The delicate art of Change Management
In 1930 the Indiana Bell Telephone Company decided they needed a larger building. However, since they were providing an essential service to the city of Indianapolis, they could not demolish the existing eight-story 11.000-ton structure built in 1907. A bold decision was made: they moved the headquarters 90 degrees to make space for expansion. Between October 14th and November 4th, the building was moved about 40 centimeters per hour while all the 600 employees worked inside. Surprisingly, the telephone service was never interrupted, and water, gas, heat, electricity, and sewage continued to operate as they used to in normal circumstances.
The expansion of the Indiana Bell Telephone Company is still a fascinating move in structure relocation/expansion History. It is also a wonder of change management — although the workforce rotated the building, the entire company could remain active.
On the other hand, enterprise software can be far more complex than the rotation and expansion of a concrete building. Although it does not seem to be the case, software such as an ERP or a CRM have countless moving parts. Moreover, to be used to their full potential, these systems must be fully understood and embraced by people — in fact, people are the make-or-break of system implementation procedures.
Investing in an ERP or CRM is often an expensive decision for organizations. In order to make it a fruitful decision, change management must be done correctly. Every internal stakeholder must understand the value of the software; otherwise, it will not be used to its full potential. End-users have an essential role in the adoption of the solution.
If they do not see how the software can benefit their work, it will not be adopted and the money spent in vain.
Training, Assessment, and Awareness
According to Prosci’s benchmark report, a project is six times more likely to succeed when there’s excellent change management. Technology is the easy part — developing a solution, and the installation is not the main issue. The highest hurdle to jump is the resistance to adoption. Change management must be a people-centric approach to be effective.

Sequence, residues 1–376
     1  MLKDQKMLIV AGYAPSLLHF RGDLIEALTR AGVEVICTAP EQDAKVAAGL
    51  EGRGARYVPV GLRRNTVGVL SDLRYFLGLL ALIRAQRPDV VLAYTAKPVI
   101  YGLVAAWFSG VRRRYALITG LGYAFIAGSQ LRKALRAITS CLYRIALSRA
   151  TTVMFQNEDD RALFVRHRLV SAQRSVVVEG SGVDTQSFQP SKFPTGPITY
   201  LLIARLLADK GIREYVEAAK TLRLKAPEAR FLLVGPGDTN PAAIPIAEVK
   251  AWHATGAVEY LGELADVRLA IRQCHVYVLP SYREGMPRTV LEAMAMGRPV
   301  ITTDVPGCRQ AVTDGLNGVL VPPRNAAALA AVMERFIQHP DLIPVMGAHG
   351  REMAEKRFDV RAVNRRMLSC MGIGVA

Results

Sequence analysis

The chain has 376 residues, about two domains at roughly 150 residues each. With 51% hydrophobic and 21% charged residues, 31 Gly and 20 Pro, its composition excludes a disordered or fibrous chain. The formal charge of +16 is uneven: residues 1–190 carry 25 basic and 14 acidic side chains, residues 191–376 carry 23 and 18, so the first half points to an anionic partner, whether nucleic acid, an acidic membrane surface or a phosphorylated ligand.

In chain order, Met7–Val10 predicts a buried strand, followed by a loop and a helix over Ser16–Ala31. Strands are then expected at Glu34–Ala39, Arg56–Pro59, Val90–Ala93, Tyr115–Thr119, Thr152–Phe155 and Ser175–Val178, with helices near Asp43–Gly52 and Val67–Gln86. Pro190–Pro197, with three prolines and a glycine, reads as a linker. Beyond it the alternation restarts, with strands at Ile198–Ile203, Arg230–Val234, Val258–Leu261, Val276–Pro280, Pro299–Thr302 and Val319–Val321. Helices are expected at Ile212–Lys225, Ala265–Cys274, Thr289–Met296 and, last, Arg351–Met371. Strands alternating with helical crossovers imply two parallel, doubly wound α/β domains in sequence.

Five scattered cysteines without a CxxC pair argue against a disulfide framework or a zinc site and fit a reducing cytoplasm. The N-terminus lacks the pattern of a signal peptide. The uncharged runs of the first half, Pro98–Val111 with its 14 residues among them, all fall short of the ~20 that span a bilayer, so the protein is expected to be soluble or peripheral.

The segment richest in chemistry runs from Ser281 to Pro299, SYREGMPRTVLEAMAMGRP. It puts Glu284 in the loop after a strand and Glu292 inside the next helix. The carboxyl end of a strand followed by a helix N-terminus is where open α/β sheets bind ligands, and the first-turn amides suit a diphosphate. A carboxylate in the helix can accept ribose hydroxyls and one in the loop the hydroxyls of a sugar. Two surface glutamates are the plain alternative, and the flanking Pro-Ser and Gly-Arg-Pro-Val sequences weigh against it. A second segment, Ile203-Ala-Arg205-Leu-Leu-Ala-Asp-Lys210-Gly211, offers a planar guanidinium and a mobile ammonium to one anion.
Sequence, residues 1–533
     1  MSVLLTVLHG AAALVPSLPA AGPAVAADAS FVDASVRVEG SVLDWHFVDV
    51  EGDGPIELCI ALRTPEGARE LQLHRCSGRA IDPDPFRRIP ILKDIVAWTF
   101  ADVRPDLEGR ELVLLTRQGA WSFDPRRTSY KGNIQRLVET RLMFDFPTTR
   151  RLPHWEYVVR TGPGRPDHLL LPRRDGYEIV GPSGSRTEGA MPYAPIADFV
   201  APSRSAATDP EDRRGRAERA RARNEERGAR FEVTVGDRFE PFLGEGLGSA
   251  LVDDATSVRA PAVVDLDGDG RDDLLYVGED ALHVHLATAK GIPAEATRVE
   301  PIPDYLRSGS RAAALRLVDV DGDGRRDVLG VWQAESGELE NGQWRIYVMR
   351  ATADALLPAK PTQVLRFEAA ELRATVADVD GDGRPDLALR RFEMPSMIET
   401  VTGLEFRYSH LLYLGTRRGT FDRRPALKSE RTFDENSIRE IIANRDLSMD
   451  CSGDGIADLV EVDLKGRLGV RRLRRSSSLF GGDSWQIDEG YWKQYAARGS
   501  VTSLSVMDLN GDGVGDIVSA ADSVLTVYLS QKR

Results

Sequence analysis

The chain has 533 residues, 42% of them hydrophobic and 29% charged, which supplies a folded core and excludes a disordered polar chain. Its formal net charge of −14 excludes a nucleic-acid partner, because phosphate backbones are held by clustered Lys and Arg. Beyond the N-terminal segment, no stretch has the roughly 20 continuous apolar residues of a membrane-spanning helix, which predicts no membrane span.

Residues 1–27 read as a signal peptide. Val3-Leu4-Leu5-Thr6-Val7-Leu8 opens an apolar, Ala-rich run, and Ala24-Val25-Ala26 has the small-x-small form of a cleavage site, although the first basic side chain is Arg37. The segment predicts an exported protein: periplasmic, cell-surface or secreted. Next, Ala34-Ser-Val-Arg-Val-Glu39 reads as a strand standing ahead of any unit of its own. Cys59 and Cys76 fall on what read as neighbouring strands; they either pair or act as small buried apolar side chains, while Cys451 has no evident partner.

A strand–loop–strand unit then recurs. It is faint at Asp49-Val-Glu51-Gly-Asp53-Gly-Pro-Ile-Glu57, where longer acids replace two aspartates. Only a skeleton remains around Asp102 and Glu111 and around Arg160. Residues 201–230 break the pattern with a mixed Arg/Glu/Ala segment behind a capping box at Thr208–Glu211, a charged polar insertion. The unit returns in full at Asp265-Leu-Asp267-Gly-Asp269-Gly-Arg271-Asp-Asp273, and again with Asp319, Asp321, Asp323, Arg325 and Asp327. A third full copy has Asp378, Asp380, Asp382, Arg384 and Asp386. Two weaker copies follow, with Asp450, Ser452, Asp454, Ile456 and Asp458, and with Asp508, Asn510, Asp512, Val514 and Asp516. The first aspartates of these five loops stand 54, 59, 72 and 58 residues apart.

All this starts with evaluating how the company operates, assessing the culture and dynamics through interviews/ surveys. Understanding how the front-line staff feels about the change is crucial because they are the most affected by these changes. If they are not in the right mindset, change management prepares them for coming adjustments. It is also essential to understand who are the promoters of change and who are the disbelievers.
Quidgest’s method is to promote the benefits the end-users will take advantage of. Essentially, how a couple of minor tweaks on their day-to-day operation will result in higher productivity and better results. This is done via training sessions where the functionalities and benefits are shared with the end-users.
Every person in the organization has a role in the transformation process. Here is an example of how Quidgest looks at the different stakeholders and understands their position on this:
An organization’s track record with similar initiatives is also considered by the task force responsible for the change management. If previous implementations did not succeed, it is crucial to understand what was done and how the end-users felt about the change. Underestimating the previous bad experiences can lead to more resistance and will ultimately undermine the new implementation.
Due to Quidgest’s GENIO nature, changes to the organizational model are substantially faster than the regular technology provider.
Continuous innovation is vital to keep boosting productivity, efficiency and surpassing competitors. Quidgest understands this and all of the systems implemented dissociate the model from the technology, meaning the business rules will remain pristine even in significant organizational shifts. In most technology providers' case, such rules are embedded or hidden in the code, impeding a quick and easy change.
Here is an example: if you want to upgrade the technology foundation (programming language) of your system with a typical tech provider, they would have to develop the business rules all over again. With Quidgest, the “skeleton” (business rules) remains intact, and the “muscle” (technology) is changed smoothly, guaranteeing that just like the Indiana Bell building, the operation is active during the replacement.
As stated previously, change management is also about empowering people with new ways of doing their work more efficiently. Through Quidgest Academy, we take this step further by empowering employees and the management team with the possibility of developing their own technology.
The 40-hour G_CORPORATE training course is strongly oriented towards digital transformation. Companies will be able to transform their teams to develop functional and error-free technological solutions quickly. This training is an invaluable asset in boosting and adapting organizations to an increasingly digital market.
No one knows your business better than your employees. Empowering them with the ability to boost change is the recipe for a successful and fruitful operation. Additionally, they will have a proactive role in future changing initiatives.
“To improve is to change; to be perfect is to change often.”
— Winston Churchill